**1.2. Overview of Relevant Cosmological Equations**

**1.2.1. The Robertson-Walker Metric**

To place the Hot Big Bang model into a physical context necessitates a sensible mathematical formulation. To assist with this formulation we assume that the universe on a large scale is both homogeneous and isotropic. This assumption is known as the Cosmological Principle and the observed isotropy of the expansion and the CMB are strong testaments to its validity. If we accept this principle to be valid, then our task is to construct a geometrical model of the Universe that explicitly incorporates large scale homogeneity and isotropy. Ideally, this model should be described by a relatively small number of parameters, all of which can be observationally determined. Much of this book is devoted to a modern discussion of attempts to determine these parameters from observations. However, before doing that we must describe the framework that allows observations to be directly connected to our cosmological model.

To begin with, we note that General Relativity is a geometrical
theory concerning the overall curvature of space-time. Within
that context we seek to specify the coordinate properties of
a homogeneous, isotropic, expanding Universe.
If we are to fully describe the Universe in geometrical
terms, we must derive a metric which describes the coordinate paths
that objects are allowed to take. In deriving this metric
we must introduce the concept of an **event**.
An event is something which occurs at a certain place
at a certain time. Hence all events in the universe
can be thought of as occurring in a four-dimensional
**spacetime** continuum, with three spatial dimensions
and one dimension of time.
To compute the separation between any two events in spacetime,
it is necessary to specify the **metric**.
As a simple example, consider the surface of a sphere, which can be
thought of as a two-dimensional
analogue to the four-dimensional spacetime.
Using simple spherical trigonometry, the metric of a sphere
can be written as

(10) |

where *ds* denotes the distance between two points
on the surface of the sphere,
*R* is the radius of the sphere, and
*d* and
*d* are the difference in
latitude and longitude between the two
points (measured in radians).
With this expression, it is possible to compute
the separation between any two points along the surface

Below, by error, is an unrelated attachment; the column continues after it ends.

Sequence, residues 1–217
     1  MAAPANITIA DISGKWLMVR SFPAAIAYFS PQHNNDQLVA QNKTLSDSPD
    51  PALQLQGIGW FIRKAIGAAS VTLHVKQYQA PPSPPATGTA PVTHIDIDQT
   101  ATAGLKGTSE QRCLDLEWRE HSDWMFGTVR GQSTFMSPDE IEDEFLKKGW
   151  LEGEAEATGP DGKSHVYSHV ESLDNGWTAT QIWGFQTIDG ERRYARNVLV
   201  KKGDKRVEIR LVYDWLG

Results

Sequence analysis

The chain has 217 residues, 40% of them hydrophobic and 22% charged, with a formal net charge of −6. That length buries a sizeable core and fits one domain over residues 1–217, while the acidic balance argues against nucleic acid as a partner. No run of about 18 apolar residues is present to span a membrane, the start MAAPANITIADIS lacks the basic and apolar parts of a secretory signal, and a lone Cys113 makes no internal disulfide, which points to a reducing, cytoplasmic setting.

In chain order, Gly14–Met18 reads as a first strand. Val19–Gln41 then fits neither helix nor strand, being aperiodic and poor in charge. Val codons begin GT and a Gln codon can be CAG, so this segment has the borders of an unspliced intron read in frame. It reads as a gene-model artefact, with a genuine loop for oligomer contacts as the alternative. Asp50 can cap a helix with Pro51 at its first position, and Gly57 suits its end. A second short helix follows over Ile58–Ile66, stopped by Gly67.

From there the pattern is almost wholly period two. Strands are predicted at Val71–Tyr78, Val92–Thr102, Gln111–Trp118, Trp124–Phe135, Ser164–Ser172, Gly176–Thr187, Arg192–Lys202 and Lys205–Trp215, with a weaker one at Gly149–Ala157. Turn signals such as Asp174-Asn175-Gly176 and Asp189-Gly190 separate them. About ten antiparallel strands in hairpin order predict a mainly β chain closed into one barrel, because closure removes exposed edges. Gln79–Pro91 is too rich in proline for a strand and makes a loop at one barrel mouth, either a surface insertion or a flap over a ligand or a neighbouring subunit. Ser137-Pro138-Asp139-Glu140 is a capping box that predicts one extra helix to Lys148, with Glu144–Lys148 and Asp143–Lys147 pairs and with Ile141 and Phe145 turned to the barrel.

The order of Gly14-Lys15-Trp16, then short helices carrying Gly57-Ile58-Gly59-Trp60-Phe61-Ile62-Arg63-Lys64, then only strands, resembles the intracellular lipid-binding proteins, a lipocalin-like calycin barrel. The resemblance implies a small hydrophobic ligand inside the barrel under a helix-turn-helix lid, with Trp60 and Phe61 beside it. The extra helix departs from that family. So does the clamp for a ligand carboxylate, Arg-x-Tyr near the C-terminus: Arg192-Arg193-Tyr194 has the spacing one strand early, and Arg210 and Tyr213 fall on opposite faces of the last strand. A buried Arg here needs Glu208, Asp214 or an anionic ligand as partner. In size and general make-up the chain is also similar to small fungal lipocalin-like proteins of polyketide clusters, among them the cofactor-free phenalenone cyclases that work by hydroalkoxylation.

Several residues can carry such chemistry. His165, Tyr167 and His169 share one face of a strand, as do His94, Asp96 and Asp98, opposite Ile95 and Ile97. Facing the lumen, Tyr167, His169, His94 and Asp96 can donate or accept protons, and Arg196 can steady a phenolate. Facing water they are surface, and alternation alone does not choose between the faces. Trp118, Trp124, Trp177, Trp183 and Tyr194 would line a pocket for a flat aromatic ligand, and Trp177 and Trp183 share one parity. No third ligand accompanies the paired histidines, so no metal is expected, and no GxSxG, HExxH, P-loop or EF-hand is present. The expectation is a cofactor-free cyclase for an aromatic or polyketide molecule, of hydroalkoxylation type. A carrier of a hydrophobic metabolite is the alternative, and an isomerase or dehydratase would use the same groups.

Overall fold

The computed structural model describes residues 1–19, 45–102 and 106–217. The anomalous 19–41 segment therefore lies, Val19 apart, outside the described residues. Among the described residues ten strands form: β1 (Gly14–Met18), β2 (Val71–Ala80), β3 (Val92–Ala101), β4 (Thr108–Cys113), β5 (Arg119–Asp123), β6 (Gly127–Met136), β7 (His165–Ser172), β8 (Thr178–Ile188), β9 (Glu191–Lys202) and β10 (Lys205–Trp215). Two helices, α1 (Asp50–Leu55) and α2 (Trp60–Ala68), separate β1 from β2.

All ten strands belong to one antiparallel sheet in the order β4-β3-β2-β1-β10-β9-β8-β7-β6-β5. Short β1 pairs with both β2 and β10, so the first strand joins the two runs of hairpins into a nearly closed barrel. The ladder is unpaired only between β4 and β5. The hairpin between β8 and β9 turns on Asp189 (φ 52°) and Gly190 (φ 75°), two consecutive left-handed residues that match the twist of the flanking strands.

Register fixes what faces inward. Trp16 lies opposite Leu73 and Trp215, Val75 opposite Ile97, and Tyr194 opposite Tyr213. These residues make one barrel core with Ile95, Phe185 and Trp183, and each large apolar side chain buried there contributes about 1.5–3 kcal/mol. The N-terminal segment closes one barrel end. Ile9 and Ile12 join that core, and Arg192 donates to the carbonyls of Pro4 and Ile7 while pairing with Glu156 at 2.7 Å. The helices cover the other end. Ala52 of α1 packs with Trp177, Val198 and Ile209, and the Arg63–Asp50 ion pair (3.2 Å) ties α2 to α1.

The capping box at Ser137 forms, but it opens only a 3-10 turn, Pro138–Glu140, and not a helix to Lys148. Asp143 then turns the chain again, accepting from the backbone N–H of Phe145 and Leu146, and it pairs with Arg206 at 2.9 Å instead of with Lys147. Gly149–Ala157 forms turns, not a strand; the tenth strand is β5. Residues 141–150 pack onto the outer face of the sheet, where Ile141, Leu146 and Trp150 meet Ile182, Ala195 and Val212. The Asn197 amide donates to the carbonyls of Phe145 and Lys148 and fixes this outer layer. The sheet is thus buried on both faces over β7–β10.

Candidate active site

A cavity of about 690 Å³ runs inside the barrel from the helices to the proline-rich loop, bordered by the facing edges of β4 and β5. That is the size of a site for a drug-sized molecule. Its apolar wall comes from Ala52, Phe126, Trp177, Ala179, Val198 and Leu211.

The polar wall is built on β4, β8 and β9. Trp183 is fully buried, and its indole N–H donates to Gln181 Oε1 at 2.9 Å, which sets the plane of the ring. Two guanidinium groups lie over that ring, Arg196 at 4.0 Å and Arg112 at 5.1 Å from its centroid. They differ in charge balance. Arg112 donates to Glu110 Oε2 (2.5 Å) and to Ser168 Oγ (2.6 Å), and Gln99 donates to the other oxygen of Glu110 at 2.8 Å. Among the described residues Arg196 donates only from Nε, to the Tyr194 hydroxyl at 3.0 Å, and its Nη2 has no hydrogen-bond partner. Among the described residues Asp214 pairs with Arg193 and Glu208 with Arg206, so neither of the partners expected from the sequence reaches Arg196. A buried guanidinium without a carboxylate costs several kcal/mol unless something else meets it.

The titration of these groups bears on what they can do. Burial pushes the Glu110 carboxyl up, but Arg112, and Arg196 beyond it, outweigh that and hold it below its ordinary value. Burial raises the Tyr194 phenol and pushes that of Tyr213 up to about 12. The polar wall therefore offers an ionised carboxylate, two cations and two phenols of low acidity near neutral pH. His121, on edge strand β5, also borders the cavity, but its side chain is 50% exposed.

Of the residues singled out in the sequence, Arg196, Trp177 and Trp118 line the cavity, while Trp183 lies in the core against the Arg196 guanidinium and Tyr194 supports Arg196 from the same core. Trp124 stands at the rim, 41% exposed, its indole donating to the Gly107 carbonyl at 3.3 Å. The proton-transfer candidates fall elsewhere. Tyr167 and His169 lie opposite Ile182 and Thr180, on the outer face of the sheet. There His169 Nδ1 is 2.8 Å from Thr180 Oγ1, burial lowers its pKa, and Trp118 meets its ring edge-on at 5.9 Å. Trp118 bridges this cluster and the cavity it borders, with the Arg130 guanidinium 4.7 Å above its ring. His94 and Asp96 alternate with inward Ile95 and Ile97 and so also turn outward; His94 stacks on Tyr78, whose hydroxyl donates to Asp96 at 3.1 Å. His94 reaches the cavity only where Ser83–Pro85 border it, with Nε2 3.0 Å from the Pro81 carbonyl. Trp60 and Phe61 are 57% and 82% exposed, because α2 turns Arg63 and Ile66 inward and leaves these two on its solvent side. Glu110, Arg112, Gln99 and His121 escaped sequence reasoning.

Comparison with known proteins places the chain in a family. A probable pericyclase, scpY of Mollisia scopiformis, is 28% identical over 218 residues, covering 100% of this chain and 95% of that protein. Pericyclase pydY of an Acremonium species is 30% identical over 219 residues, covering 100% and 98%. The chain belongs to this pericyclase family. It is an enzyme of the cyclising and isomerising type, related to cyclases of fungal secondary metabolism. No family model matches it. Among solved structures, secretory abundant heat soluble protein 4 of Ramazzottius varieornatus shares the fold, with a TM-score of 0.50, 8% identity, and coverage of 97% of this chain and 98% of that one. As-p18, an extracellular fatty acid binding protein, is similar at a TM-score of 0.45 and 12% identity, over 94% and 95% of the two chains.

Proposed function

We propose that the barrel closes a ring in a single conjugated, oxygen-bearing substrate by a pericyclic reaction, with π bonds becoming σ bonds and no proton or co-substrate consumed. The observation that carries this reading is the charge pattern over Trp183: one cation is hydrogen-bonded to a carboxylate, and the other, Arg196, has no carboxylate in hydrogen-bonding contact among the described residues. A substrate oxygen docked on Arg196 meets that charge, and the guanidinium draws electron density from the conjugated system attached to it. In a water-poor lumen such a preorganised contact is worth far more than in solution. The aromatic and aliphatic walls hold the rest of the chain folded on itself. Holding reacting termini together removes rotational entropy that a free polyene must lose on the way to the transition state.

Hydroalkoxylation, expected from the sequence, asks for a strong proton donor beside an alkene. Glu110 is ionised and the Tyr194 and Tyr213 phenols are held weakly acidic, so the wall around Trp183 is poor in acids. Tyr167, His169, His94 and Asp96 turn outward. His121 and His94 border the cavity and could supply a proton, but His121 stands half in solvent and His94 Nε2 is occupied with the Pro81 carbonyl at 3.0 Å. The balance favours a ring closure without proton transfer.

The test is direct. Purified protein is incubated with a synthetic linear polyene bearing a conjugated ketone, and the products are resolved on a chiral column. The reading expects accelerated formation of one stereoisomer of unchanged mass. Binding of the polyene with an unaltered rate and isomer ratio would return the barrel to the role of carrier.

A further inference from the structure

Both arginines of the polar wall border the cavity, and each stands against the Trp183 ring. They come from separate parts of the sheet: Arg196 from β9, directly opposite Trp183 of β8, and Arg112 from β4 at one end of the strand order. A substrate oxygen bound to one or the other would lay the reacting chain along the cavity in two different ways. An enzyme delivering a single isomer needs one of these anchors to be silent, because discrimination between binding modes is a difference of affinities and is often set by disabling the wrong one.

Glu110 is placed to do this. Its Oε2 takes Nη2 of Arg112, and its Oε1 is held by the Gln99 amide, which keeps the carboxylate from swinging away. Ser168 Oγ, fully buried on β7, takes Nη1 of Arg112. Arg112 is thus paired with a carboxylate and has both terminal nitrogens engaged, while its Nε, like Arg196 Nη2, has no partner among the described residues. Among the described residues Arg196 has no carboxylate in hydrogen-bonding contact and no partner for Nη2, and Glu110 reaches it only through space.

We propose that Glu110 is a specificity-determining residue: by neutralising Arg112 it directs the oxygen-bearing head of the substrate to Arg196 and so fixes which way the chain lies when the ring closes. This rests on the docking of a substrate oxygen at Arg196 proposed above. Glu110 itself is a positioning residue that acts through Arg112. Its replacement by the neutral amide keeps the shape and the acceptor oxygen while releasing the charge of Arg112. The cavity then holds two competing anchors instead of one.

of the sphere.
Hence the geometry of the sphere and the physical specification
of events is completely
described by its metric.

The geometry of four-dimensional spacetime
is described by an analogous metric.
However, instead of computing the distance between two points
on the surface of a sphere, we wish to compute the
separation between two events, which involves
both space and time.
Special relativity allows one to show that
the spacetime interval, *ds*, between two events
which occur near each other in flat space
is given by

(11) |

where *dt* is the time interval between the two events
(as determined by an inertial observer),
*c* is the speed of light,
and *dx, dy, dz* correspond to the separation
between the two events in each of the three spatial
dimensions.
Note that, unlike the metric for an ordinary sphere,
the spacetime metric need not always be positive.
The geometry of spacetime is completely specified by
equation 11.
A **geodesic** is the shortest interval between
any two points in spacetime.

Equation 11 assumes a flat Euclidean geometry, in which initially parallel lines always remain parallel. However, according to Einstein's theory of General Relativity, spacetime is curved by gravity, which is a manifestation of the energy density of matter. The separation between two events will therefore depend on the curvature of spacetime. This is schematically shown in Figure 1-6 for three specific curvatures.

For a homogeneous and isotropic universe,
the most general metric in curved spacetime is the
**Robertson-Walker metric**, which was
first proposed in 1934.
Expressed in spherical polar
coordinates (*r*, ,
), this
metric takes the form

(12) |

where *R(t)* is the **universal scale factor**
which describes the time evolution of the
universal expansion,
*k* denotes the curvature of spacetime
(*k* = -1, 0, 1 for negative, zero,
or positive curvature),
and the coordinate *r* is **comoving** with the
universal expansion. If we imagine a particle
at rest with a given set of coordinates *r*,
,
, then as long as no external
forces operate on this particle. then the particle remains at those
coordinates. These coordinates are said to be
**comoving** coordinates. They are related to
physical coordinates through the scale factor,

(13) |

The Robertson-walker metric is independent of any
particular gravitational theory.
Gravity enters through the scale factor *R(t)*
and the curvature constant *k*;
the distance between any two spacetime events
therefore depends on what specific cosmological
model is adopted. This specific cosmological model is
determined by the values of *R(t)* and *k* which can be
observationally determined.